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Dublin: 9 °C Wednesday 22 May, 2019
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Councillor's opposition to homeless hostel 'not Nimby-ism, it's pure economics'

Fine Gael’s Kate O’Connell voted against the development a homeless hostel in Dublin’s city centre.

Image: Kate O'Connell FG via Facebook

A FINE GAEL councillor in Dublin has been criticised tonight after referring to homelessness as a “buzz issue” during a council meeting.

Dublin City Council this evening voted in favour of a new homeless hostel to be run by Dublin Simon, which will be established in the Georgian District.

There has been strong opposition to the 30-bed hostel at the former Longfields Hotel on Fitzwilliam Street from businesses in the area, with particular concern about the impact it may have on tourism.

In a series of tweets earlier today, O’Connell told followers she would be voting against the proposal and explained her own reasons:

A number of councillors commented on the Fine Gael politician’s choice of words during the meeting, which one described as dismissive. Councillor Michael O’Brien said opposing the establishment of a homeless facility “in an affluent location” was “shameful stuff”.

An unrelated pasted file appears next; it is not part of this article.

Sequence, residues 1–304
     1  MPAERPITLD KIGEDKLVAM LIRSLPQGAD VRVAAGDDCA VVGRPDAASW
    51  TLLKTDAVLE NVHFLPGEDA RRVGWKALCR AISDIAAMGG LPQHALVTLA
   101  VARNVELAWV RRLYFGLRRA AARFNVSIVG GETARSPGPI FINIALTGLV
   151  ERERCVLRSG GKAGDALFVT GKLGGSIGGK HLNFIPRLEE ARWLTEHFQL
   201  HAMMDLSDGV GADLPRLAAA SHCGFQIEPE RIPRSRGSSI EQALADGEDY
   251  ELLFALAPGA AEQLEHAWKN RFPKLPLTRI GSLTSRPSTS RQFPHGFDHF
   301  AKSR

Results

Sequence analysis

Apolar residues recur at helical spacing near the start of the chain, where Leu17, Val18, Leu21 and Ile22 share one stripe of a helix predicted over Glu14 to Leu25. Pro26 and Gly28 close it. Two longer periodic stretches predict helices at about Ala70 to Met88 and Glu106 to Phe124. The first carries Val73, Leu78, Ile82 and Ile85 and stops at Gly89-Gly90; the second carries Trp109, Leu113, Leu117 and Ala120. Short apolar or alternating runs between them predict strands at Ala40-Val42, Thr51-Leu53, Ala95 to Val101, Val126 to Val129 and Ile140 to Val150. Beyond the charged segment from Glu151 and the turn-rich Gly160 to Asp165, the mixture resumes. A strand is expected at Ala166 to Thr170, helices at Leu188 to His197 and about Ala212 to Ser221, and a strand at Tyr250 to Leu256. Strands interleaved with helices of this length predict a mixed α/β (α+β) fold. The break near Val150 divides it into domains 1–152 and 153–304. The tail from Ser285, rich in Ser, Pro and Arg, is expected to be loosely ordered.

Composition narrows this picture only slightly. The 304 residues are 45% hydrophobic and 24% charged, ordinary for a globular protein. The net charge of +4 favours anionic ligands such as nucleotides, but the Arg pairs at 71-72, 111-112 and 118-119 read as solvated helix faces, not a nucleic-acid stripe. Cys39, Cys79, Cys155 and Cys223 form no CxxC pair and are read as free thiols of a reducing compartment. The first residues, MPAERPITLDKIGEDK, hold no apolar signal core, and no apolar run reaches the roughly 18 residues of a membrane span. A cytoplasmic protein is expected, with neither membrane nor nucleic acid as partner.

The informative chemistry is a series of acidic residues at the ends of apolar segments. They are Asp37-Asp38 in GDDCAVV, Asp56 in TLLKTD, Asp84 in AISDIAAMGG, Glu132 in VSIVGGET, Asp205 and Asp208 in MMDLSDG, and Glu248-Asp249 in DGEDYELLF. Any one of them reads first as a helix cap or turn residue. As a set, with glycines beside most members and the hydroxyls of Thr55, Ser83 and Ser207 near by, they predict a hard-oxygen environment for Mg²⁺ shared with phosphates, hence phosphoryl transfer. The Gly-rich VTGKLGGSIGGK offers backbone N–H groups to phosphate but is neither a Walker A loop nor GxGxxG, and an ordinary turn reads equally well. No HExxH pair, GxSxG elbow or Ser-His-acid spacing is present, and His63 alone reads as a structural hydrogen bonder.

However, speaking to TheJournal.ie this evening, O’Connell explained that she voted against the proposal not out of Nimby-ism, but for purely economic reasons. She added that she would have voted for the development ‘if it cost a reasonable amount of money and a plan was in place’.

“When we were asked to approve the hostel tonight, we were blindly approving it an idea of how much it would cost to retrofit, and with no timeframe for completion.”

I can see costs getting completely out of control.

She described the move as a “reactionary action”, and that a good return must be sought for the taxpayer while still doing whatever possible to tackle the homelessness crisis.

O’Connell said her use of the phrase ‘buzz issue’ was simply referring to homelessness as a “hot topic”.

It doesn’t mean we should blindly leap into developing a building for this purpose without view of costing.

She noted that the building – which she claims has already totted up almost €8 million in the initial cost of buying the property, along with maintenance and security costs – could instead be sold, and the proceeds used to buy good quality accommodation nearby.

O’Connell added that she doesn’t mind being unpopular over her vote – “It suits certain people to depict me as anti-homeless… I’m too happy to assist [in fighting homelessness] anyway I can”.

Additional reporting by Nicky Ryan

Opinion: I never knew how easy it was to become homeless in Ireland until now >

Read: There was a queue of people waiting to use Dublin’s new homeless café when it opened last night >

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